It was late at night. I was probably about four or five and searching for my mother. At last, I found her in the kitchen. She was mixing some red powder into her milk. “What’s that?” I asked curiously. “Oh its saffron powder. If I dilute it into milk and drink everyday, you will get a fair sister,” she said while stroking her abdomen. “Don’t you want a fair beautiful sister?” I nodded, smiling eagerly. Thus began my admiration for fairer skin. The saffron powder worked and my sister was born really fair. I’m kidding, of course.
My family has always boosted my self-confidence about the colour of my skin. I was told by my parents to see Rajinikanth as a role model – a dark skinned movie star and action hero with a cult following as far away as Japan. And while watching the movie Men In Black, my aunts made reference to Will Smith and pointed out how similar we were.
Yet despite the ego boost from my family, it did not stop Tamil teachers from using terms like “cute sevatha payyan” (cute fair boy) to describe the fair skinned boys and put them on lead roles for school dramas. And when the movie Alaipayuthey was released, the fair skinned boys suddenly became Madhavan. I felt a sharp twinge of envy with a dose of discrimination. I knew from that point forward that having a dark complexion was not a gift.
It is all the more challenging for dark skinned females in Tamil society. The sharp pain of skin-based discrimination is even more pronounced for the “fairer” sex. Even while the Madhavans and Shyams came and went, mustachioed dark skinned men like Rajinikanth, Ilayaraja and Lawrence Raghavendra ruled Tamil cinema for generations. Yet there is no counterpart among our women.
To begin with, Tamil cinema has rarely seen a dark heroine. Kollywood has seldom had film heroines from Tamil Nadu itself, preferring to draw upon the ivory-toned damsels of North India. And even while “Black is the Tamil’s colour” was a popular catchphrase when the hit song “Karupu dan enaku pidicha color” came out, the truth is black has never been glamourized as the Tamilachi’s colour. For a people who are for the most part dark, this is blatantly preposterous.
Ironically, unlike South Asian cinema, Western pop culture has shown remarkable progressiveness towards dark skinned Tamil celebrities irrespective of gender. M.I.A. is a global musical icon. Mindy Kaling of The Office now stars in her own hit prime time sitcom The Mindy Project on FOX. Aziz Ansari is among the most popular comedians on the stand-up circuit. M. Night Shyamalan and Jay Chandrasekhar are two of the biggest directors in Hollywood and network TV, respectively. And while Sendhil Ramamurthy is seen as a hearthrob by Western media, I’m sure this “Hero” wouldn’t have even been cast as the hero’s best friend in a Bollywood movie.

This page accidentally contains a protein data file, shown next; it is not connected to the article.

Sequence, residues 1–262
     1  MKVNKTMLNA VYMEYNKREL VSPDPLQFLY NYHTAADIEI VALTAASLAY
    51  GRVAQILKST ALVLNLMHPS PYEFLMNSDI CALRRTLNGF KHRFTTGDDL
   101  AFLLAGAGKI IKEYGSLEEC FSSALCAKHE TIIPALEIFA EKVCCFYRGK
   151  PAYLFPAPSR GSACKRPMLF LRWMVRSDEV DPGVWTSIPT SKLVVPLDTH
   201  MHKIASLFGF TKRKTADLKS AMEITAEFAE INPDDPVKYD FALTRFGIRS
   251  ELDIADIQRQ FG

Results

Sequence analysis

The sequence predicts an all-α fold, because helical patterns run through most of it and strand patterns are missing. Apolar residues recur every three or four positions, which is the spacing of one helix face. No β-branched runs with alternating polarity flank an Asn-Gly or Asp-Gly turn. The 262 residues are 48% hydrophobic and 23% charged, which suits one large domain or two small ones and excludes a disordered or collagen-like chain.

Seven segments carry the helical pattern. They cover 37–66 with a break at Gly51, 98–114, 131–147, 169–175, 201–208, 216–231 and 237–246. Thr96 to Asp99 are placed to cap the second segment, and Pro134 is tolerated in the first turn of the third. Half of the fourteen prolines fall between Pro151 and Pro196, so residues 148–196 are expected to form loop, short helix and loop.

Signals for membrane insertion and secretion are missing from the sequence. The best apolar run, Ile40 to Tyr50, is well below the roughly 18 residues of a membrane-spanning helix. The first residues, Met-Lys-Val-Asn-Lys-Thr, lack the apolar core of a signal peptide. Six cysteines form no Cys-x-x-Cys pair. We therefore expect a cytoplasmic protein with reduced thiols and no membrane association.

So how does our fair skin fetish translate to the dating scene? From dashing mocha latte boys to proud ebony skinned Tamils, there is always a huge queue to snag the “prize” that is the fair Tamil woman.
I admit I was no exception. I recall crushing over one particular Iyer girl whom everyone in my school lusted after. To win her over, I made friends with her best friend, who was dark. Upon uncovering my scheme, she later snapped, “Look! I know why you’re suddenly being nice to me! Do you know how annoying it is when I make an effort to dress up everyday and to have every guy pass over me and approach her?”
Perhaps this fair skin worship is ingrained our culture. The epic Kamba Ramayana is a good example. When Hanuman departs for Lanka, Rama gives the following description of Sita – “Lotus has its petals pale but thou will see no imperfection” – thus valourizing the fair complexion of Sita. However, the same Kambar (author of the Ramayana in Tamil) compares Rama’s dark skin to “Kaarmegam” or beautiful dark clouds that bring rain. The antagonist Ravana is a Tamil Dravidian King. Ancient paintings portray him as a dark skinned person while his wives are shown in paler form.
Skin complexion obsession is a dilemma that afflicts the entire Indian subcontinent in some form. The cosmetics industry has seen its fair share of success from capitalizing on this insecurity. Fairness creams account for around 60% of skin care business at around an estimated 700 crore rupees in India. And it’s not just the ladies. Fair and Lovely has a male counterpart, Fair and Handsome, with Surya as the lead advertising model.
So are we Tamils simply insecure? Though we advocate strongly against racism, Jim Crow segregation laws and the apartheid movement, we continue to discriminate against our own on the basis of colour. Where did we get our hypocrisy? Has 300 years of colonization made us psychological slaves to fairer and paler skin? Or should we blame our culture and media? It is likely an amalgam of all of the above factors.
Yet in order to move forward as a society, we must acknowledge and address our hypocrisy. Only then can a truly inclusive society – one that accepts beauty in all forms and colours – be achieved.